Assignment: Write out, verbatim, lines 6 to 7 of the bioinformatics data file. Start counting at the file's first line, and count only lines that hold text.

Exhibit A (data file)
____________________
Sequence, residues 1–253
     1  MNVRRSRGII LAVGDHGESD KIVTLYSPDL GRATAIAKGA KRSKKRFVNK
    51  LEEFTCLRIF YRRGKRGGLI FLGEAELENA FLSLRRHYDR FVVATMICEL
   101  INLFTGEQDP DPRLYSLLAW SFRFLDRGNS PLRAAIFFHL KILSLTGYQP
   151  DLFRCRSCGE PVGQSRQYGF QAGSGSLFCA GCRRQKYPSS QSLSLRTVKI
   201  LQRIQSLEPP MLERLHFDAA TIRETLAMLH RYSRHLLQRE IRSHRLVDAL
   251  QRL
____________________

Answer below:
   201  LQRIQSLEPP MLERLHFDAA TIRETLAMLH RYSRHLLQRE IRSHRLVDAL
   251  QRL